We're very excited to welcome Susie Thomas, Nadia Valman, and Ken Worpole to discuss SO WE LIVE, a new collection of essays exploring the work of Hackney novelist Alexander Baron.
The novelist Alexander Baron (1917-1999) was born into a working class Jewish home in Hackney, joined the Communist Party as a young man, saw the thick of battle in Sicily and Normandy, and became one of the most admired writers of post-war Britain. His first novel, FROM THE CITY, FROM THE PLOUGH (1948), was acclaimed as the definitive novel of the Second World War, the first of a trilogy including THERE'S NO HOME (1950) and THE HUMAN KIND (1953). This was followed by a string of novels about working class life in post-war London, including THE LOWLIFE (1963) a cult novel for many other writers ever since. In recent years his reputation has flourished with many of his fifteen novels back in print. This is the first detailed study of the man and his work.
Dr Susie Thomas has taught Baron’s London novels on her literature courses to American undergraduates in London for many years. The students always say the same thing: “The Lowlife is awesome. Why isn’t Baron better known?” It is difficult to know how to answer. She has published articles on British Literature from Aphra Behn to Martin Amis. She edited HANIF KUREISHI: A READER'S GUIDE TO ESSENTIAL CRITICISM and she is the Reviews Editor for the The Literary London Journal.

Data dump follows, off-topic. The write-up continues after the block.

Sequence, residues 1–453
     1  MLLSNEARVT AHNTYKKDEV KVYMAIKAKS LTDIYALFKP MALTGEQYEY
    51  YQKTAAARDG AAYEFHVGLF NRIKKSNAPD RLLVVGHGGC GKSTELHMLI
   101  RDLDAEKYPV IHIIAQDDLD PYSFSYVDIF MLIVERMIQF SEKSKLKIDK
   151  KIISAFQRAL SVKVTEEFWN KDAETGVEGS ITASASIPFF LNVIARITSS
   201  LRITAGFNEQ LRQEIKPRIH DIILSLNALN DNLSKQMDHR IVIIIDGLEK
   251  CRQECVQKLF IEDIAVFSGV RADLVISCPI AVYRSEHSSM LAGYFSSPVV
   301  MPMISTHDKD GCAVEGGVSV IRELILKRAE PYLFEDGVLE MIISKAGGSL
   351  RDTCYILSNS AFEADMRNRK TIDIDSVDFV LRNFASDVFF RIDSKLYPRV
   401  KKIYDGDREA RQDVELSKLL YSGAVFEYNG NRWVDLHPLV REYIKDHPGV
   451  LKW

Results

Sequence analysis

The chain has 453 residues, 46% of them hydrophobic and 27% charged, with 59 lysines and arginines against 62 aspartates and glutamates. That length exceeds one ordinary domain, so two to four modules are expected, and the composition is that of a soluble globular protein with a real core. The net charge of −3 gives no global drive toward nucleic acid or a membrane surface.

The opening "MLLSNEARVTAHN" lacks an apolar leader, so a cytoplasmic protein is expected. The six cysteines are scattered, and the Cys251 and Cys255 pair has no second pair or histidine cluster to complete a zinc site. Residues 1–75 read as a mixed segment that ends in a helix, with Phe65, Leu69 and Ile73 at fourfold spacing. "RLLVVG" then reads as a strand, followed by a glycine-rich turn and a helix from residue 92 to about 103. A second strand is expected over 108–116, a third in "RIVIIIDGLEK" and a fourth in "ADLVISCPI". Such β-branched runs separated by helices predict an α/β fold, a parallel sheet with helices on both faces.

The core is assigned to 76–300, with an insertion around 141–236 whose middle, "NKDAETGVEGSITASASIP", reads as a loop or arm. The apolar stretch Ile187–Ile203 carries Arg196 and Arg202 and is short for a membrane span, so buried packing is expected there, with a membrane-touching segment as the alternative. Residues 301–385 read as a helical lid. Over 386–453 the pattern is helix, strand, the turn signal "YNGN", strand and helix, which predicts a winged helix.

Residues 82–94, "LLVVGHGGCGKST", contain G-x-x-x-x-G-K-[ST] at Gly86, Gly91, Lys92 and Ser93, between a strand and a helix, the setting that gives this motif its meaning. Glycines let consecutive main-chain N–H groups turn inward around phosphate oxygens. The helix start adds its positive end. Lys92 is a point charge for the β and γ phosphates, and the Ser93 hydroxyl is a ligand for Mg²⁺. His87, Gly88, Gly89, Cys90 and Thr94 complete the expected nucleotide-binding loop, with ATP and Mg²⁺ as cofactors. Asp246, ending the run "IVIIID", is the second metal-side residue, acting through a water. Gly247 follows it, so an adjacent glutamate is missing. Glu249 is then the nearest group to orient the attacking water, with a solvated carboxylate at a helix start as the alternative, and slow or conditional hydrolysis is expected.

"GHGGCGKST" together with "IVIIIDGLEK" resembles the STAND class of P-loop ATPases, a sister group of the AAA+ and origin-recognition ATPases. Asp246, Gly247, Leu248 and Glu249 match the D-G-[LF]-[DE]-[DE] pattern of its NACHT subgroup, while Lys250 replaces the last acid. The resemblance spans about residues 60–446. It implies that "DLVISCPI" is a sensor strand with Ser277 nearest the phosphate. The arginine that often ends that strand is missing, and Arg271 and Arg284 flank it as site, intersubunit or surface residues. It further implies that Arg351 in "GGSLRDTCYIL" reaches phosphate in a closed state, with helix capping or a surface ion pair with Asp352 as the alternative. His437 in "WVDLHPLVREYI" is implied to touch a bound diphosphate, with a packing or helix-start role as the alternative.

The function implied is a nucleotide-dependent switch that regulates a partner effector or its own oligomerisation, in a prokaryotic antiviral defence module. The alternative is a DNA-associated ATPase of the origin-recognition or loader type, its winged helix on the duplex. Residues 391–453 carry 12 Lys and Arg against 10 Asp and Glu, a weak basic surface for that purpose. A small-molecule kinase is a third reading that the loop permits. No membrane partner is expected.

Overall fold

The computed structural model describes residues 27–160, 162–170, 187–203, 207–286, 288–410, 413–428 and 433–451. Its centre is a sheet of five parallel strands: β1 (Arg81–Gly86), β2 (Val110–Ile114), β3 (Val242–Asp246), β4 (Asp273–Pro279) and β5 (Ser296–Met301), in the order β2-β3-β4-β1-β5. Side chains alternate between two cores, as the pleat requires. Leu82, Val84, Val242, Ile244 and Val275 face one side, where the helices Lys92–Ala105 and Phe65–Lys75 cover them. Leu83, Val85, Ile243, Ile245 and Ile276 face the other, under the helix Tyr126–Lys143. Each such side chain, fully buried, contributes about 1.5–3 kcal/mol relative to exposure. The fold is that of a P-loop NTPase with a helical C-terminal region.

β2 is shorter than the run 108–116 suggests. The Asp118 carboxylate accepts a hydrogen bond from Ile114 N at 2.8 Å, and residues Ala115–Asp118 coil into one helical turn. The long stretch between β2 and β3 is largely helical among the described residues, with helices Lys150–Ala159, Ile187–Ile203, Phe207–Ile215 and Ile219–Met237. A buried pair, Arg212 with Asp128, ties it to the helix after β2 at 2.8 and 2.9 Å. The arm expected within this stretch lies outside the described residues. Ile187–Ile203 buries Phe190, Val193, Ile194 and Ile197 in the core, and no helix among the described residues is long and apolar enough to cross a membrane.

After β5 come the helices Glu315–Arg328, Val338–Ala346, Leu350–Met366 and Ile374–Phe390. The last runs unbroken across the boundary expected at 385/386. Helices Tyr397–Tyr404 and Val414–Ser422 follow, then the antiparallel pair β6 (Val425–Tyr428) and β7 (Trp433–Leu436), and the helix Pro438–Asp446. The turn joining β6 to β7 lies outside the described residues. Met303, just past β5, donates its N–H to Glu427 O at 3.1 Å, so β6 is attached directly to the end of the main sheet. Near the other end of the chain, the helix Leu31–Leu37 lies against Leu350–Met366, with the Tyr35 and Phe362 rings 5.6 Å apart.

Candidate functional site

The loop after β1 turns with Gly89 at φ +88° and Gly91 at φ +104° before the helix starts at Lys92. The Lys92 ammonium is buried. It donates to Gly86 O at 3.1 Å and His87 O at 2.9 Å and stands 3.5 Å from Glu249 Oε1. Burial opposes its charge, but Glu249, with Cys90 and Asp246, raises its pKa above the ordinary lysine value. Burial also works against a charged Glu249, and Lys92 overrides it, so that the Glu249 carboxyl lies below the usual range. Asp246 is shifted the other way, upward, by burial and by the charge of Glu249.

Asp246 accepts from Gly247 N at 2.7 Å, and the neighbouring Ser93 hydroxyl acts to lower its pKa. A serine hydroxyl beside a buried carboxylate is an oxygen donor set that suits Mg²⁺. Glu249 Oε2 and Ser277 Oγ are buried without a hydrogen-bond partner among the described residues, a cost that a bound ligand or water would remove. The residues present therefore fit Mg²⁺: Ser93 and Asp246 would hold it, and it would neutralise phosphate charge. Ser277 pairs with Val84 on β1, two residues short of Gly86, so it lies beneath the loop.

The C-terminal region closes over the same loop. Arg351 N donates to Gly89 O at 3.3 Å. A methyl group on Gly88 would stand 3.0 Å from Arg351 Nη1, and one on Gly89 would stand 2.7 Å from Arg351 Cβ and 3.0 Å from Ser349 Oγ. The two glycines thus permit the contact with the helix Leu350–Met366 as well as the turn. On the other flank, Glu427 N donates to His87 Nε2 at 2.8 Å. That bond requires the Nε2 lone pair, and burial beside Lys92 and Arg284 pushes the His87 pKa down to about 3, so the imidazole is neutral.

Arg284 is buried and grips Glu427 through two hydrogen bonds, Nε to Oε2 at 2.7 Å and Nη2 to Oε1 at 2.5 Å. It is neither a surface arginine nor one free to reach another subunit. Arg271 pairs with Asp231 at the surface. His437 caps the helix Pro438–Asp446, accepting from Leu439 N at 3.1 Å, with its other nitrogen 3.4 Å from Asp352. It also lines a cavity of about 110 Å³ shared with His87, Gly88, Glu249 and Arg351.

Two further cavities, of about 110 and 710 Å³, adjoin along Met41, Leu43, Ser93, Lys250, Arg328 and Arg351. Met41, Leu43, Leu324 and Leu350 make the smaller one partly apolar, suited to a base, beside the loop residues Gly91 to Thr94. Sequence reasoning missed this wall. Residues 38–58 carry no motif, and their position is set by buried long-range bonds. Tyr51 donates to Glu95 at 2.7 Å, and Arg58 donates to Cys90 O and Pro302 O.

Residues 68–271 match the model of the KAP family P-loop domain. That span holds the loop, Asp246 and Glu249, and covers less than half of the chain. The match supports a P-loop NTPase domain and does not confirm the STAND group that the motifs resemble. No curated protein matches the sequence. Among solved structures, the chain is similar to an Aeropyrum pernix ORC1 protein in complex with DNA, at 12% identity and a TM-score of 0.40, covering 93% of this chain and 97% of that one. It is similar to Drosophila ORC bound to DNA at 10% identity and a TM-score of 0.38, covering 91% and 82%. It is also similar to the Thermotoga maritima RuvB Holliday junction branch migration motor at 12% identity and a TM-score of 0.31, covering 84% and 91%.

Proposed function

Dr Nadia Valman is Reader in English Literature at Queen Mary, University of London. She has published widely on British Jewish literature, including a survey of the postwar British Jewish novel in the Oxford History of the Novel in English, editing British Jewish Women Writers and co-editing the Routledge Handbook of Contemporary Jewish Cultures. She is the creator of Zangwill’s Spitalfields, a walking tour app using Israel Zangwill’s classic novel of Jewish immigration, Children of the Ghetto (1892) as a guide to Spitalfields, east London, where the novel is set. She is currently researching the literature of east London.
Ken Worpole is a writer on architecture, landscape and public policy, and was Emeritus Professor at the Cities Institute, London Metropolitan University. He has a particular interest in the literature of east London and Hackney, where he and his wife, the photographer, Larraine Worpole, have lived and worked since 1969. Ken’s 1983 interview with Alexander Baron formed the basis of his pioneering re-appraisal of Baron’s fiction in his first book, DOCKERS & DETECTIVES, a study of post-war British working class fiction, published in 1983 and re-issued in an updated edition by Five Leaves in 2008.